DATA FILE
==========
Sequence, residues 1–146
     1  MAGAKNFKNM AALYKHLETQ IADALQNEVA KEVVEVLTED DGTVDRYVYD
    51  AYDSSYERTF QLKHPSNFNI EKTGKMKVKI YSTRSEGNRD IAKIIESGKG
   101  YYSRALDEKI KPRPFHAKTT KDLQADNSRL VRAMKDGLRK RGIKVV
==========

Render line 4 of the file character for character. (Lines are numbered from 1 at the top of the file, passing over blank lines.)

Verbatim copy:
   101  YYSRALDEKI KPRPFHAKTT KDLQADNSRL VRAMKDGLRK RGIKVV